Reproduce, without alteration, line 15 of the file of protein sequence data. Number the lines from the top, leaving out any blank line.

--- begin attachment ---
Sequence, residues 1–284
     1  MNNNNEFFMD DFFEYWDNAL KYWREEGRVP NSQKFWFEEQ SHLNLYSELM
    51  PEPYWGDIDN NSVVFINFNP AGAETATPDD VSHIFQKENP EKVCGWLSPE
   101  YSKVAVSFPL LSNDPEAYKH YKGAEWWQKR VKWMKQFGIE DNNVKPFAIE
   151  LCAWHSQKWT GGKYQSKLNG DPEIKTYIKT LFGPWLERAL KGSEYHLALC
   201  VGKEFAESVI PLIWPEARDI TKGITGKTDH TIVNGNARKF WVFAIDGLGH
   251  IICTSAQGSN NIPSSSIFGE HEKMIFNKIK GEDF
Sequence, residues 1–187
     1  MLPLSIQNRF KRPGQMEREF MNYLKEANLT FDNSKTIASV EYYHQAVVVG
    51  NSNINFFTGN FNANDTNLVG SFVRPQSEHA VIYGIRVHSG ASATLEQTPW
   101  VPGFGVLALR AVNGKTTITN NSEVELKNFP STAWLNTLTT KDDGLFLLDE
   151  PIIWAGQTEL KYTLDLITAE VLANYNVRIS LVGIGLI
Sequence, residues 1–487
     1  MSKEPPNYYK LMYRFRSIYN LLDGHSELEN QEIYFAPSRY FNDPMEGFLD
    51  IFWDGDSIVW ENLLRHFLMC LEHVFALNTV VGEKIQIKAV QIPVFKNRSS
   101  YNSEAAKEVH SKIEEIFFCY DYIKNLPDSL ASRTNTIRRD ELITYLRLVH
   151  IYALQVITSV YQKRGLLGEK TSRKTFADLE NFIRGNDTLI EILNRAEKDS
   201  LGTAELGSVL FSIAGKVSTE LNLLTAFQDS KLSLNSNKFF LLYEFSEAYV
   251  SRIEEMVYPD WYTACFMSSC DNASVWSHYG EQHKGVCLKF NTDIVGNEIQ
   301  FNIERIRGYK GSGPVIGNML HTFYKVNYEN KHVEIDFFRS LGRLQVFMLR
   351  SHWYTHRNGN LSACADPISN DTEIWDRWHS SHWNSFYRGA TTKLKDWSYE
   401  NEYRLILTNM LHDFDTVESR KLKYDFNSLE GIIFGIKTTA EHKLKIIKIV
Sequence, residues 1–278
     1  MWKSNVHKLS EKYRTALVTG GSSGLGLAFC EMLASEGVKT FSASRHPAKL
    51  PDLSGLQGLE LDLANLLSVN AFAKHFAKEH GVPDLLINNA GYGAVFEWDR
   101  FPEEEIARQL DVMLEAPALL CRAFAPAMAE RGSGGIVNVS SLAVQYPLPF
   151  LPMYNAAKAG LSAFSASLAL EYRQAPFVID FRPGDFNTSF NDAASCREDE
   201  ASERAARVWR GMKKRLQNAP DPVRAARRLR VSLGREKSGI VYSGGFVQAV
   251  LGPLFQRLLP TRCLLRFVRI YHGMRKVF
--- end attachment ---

    51  IFWDGDSIVW ENLLRHFLMC LEHVFALNTV VGEKIQIKAV QIPVFKNRSS